Talent Acquisition Challenges Small Business Index Growth
Small business owners’ outlook on their businesses, which has grown steadily over the past six quarters, ticked down slightly in fourth quarter 2018 as hiring difficulties put a strain on business growth. The fourth quarter Small Business Index, produced in collaboration by MetLife and the U.S. Chamber of Commerce, recorded an overall score of 69.3. While still reflecting general optimism from the small business community, it is down almost half a point from the third quarter’s record high of 69.7.
The index has measured optimism on the health of the national economy increasing continuously since second quarter 2018 and in fourth quarter it reached a new high with 58 percent of small business owners believing the U.S. economy is in good health. Optimism regarding the local economy also improved in the quarter with 56 percent of small-business owners noting their local economy as good, up six points from third quarter 2018.
“Small businesses are the growth engine of the American economy, employing half of the nation's private sector workforce,” says Jessica Moser, senior vice president, Small Business Solutions in MetLife’s Group Benefits business. “The owners of those businesses make crucial decisions about expansion and hiring every day, so their level of optimism is a good indicator of future growth. The findings of this quarter’s Index show they are still bullish, which bodes well for our economy as a whole.”
Approximately 40 percent of small-business owners say they have been actively searching for new hires throughout 2018, but 67 percent report having difficulty finding candidates with the skills they need. Very few small-business owners, nine percent, say the talent pool for potential recruits is “very good” with 55 percent describing it as “fair” or “poor.”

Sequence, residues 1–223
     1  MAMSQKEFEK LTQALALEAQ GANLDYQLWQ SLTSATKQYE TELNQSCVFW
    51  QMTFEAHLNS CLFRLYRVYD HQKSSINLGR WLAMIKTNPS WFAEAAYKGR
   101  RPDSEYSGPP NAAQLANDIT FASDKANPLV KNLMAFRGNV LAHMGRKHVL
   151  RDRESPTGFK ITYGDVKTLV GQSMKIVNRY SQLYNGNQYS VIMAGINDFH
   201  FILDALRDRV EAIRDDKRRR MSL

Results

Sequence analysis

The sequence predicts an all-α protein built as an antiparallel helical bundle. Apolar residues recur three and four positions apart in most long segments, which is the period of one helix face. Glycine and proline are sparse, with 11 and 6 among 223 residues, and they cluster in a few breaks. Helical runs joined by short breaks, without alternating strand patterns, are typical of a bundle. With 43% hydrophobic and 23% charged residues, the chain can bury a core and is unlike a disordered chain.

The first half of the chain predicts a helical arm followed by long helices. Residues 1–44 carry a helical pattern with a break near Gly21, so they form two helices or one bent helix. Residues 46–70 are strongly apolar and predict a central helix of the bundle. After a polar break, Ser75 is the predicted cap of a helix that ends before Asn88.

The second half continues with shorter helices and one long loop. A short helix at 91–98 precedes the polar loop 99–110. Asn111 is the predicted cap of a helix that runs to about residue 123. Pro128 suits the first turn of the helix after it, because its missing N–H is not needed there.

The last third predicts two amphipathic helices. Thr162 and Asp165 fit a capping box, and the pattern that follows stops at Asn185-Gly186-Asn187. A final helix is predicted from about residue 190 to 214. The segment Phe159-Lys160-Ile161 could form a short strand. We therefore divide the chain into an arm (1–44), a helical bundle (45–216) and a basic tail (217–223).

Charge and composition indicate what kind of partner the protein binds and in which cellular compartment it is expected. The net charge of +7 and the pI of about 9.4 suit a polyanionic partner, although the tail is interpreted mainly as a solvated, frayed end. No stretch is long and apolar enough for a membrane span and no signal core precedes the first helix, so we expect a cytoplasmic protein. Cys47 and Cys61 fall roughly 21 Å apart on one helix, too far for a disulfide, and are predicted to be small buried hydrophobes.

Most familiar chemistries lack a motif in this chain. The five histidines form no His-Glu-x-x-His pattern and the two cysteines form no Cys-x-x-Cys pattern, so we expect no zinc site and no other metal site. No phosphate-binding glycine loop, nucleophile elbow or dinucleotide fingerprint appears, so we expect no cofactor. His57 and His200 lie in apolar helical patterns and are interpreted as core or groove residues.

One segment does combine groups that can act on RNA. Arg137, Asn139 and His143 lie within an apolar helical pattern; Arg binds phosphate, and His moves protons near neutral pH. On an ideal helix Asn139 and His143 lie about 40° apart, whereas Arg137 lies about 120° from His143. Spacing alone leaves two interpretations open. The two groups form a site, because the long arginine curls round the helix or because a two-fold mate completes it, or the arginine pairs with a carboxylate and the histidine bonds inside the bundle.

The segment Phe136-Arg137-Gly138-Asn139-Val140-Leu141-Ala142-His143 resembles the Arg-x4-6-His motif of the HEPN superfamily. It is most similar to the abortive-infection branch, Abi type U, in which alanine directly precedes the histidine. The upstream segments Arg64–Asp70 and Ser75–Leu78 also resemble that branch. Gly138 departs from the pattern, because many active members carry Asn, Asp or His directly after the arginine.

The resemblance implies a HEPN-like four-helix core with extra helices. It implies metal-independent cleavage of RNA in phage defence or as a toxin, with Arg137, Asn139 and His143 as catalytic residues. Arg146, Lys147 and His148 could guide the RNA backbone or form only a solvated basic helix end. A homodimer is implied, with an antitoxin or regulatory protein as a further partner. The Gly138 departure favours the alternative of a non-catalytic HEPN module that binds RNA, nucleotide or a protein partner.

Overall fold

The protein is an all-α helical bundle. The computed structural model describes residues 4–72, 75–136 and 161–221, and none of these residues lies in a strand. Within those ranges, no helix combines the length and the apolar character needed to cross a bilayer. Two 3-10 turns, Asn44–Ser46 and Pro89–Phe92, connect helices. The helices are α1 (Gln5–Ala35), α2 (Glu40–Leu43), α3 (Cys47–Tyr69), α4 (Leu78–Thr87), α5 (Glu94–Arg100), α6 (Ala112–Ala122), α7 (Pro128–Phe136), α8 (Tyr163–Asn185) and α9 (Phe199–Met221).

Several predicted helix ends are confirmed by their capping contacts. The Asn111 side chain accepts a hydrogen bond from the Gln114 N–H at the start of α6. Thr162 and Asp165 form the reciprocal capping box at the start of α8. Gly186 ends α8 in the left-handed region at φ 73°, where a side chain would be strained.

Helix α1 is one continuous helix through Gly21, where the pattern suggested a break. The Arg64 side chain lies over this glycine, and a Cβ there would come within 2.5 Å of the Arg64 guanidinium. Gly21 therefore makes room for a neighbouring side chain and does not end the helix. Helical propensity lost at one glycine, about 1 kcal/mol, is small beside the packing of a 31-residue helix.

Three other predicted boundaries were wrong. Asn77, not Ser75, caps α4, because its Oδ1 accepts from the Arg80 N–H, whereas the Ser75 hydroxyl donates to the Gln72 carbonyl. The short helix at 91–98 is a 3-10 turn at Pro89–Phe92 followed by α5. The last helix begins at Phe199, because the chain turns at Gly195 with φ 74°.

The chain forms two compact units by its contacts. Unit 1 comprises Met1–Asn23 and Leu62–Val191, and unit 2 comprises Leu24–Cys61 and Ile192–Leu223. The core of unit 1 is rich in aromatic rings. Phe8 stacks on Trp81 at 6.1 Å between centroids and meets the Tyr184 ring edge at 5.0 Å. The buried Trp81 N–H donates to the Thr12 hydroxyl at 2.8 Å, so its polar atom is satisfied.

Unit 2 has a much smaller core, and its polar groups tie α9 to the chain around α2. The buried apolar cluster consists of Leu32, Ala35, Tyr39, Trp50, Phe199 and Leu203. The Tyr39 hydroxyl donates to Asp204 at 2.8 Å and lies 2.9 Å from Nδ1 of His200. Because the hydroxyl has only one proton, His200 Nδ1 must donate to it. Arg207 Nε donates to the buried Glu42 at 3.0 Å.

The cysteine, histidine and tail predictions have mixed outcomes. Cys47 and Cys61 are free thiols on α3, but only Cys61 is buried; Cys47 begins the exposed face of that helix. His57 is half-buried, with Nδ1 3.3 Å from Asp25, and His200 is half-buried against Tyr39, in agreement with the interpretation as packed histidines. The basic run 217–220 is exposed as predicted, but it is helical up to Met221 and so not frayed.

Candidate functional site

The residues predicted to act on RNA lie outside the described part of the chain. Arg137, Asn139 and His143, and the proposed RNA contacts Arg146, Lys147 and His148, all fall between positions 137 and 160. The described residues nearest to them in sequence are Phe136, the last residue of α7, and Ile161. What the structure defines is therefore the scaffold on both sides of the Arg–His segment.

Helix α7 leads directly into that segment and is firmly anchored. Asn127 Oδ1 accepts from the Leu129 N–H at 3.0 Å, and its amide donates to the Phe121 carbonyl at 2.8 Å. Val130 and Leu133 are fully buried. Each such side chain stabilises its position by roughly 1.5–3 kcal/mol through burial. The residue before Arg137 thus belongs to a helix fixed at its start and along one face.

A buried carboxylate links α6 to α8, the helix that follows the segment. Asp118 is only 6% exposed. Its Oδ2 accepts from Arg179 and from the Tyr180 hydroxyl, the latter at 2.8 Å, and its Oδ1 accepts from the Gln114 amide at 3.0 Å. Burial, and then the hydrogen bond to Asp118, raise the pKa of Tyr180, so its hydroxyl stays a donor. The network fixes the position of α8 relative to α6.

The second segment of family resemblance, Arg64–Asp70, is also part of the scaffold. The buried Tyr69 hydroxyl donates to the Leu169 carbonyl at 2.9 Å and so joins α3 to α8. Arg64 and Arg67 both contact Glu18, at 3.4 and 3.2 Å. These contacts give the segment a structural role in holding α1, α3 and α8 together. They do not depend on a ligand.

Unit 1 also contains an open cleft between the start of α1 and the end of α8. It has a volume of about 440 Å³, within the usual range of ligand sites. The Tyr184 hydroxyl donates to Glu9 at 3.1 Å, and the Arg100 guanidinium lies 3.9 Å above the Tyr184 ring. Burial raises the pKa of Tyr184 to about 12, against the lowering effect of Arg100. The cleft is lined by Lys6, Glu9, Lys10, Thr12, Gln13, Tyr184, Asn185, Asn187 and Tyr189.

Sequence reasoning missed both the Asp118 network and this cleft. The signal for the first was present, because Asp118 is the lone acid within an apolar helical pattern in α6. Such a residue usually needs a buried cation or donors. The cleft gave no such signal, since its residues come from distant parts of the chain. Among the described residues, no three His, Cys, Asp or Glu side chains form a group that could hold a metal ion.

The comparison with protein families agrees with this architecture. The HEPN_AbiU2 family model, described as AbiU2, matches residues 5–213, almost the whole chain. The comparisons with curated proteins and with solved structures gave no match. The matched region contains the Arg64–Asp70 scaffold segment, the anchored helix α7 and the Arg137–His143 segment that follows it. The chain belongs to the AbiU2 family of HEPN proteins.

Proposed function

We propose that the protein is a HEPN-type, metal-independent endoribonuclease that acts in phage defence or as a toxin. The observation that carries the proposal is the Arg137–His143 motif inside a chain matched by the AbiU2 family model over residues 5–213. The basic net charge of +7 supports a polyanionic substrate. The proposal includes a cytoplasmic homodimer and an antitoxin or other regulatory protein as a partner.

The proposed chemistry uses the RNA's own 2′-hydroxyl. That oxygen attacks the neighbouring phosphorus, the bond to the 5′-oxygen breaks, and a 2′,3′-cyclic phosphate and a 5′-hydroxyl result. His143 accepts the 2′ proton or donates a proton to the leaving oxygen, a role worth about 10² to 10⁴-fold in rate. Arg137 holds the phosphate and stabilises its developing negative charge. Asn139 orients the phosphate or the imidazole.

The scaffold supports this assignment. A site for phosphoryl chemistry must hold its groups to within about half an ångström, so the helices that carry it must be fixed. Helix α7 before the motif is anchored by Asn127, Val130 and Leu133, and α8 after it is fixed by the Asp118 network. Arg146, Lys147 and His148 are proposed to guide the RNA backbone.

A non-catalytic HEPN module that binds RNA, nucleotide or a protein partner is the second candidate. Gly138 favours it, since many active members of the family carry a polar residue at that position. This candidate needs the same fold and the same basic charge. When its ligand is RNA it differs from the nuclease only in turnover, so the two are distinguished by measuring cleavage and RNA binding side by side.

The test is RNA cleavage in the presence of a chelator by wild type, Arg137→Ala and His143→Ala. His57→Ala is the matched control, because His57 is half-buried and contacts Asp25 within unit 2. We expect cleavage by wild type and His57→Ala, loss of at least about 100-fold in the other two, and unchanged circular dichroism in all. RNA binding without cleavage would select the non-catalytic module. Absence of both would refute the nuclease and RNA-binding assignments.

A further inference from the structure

“There are too many people that lack the skills or credentials they need to compete for 21st century jobs and too many businesses that can’t find the workers they need, when and where they need them,” says Thomas J. Donohue, president and CEO of the U.S. Chamber of Commerce. “A lack of skilled workers is going to hold back economic growth for the entire country.”
Instead of focusing on future growth and the development of their companies, 81 percent of the small-business owners surveyed for the index say that they had to work longer hours or take on additional roles to compensate for their inability to find qualified candidates. This is especially pronounced among businesses run by women (86 percent), manufacturers (87 percent), minorities (89 percent) and Millennials (95 percent). Most respondents, 61 percent, say they had to push their staff to work longer hours and 55 percent say they are instead investing time and money into training their current employees to compensate for not finding new recruits.
Most small businesses, 84 percent, rely on professional contacts and current employees to refer quality candidates. In their analysis of the index’s results, MetLife and the Chamber note that while it is clear that companies need to find innovative and different ways to attract and connect with talented candidates, they may be at a loss of where to do so. Two out of three small businesses that searched for talent in 2018 say they do not plan to use a different recruiting strategy in 2019.
More details from the fourth quarter index can be found here.